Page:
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Senate panel votes to roll back some Dodd-Frank requirements
Associated Press ^ | Dec 5, 2017 6:36 PM EST | Kevin Freking

Posted on 12/05/2017 6:29:55 PM PST by Olog-hai

A Senate panel on Tuesday approved legislation that would provide banks and credit unions with relief from some of the stricter regulatory requirements put in place after the 2008 financial crisis.

The bill, which was approved by a 16-7 vote, raises the threshold at which bank holding companies are considered too big to fail, thus subjecting them to financial stress tests and a capital-planning review. The threshold would increase from $50 billion to $250 billion.

The panel rejected an array of amendments that senators said could unravel a bipartisan agreement crafted over several months.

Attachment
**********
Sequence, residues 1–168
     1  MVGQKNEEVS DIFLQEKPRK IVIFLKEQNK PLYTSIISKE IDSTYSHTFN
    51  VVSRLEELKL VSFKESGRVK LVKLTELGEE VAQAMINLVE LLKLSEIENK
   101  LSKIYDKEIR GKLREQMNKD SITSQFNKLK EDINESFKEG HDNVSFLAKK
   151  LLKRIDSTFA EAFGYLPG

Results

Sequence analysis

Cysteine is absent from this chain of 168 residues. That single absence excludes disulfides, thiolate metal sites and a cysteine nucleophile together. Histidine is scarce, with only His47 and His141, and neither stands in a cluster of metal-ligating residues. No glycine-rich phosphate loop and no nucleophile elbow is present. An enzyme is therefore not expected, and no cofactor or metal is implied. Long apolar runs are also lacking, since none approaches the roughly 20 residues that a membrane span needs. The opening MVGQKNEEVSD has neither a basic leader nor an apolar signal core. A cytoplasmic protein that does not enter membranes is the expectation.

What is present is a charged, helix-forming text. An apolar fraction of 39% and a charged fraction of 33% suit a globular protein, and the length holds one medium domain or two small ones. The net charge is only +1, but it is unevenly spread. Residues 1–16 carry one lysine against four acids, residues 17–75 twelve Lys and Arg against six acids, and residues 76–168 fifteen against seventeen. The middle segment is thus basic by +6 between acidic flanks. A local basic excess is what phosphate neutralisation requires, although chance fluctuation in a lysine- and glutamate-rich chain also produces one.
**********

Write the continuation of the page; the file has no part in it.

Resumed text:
The bill is much narrower than what the House passed earlier this year in an effort to undo much of the financial law, known as Dodd-Frank. That bill had no chance of gaining the 60 votes necessary to overcome a filibuster in the Senate.

Supporters from both major parties said the Senate legislation would make it easier for credit unions, community banks and many regional, midsized banks to lend money and enhance economic growth. …

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TOPICS: Business/Economy; Government
KEYWORDS: banks; creditunions; doddfrank; senate

1 posted on 12/05/2017 6:29:55 PM PST by Olog-hai
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To: Olog-hai

Yeah but did they ever do away with that bizarre recording requirement that requires banks and investment firms to record every call with every client and make them available to the feds?

Yes - every call you make to engage in a trade with an investment advisor is not only recorded but is made available to the feds. At least that is what Dodd-Frank required unless it has been changed.

2 posted on 12/05/2017 7:14:34 PM PST by plain talk
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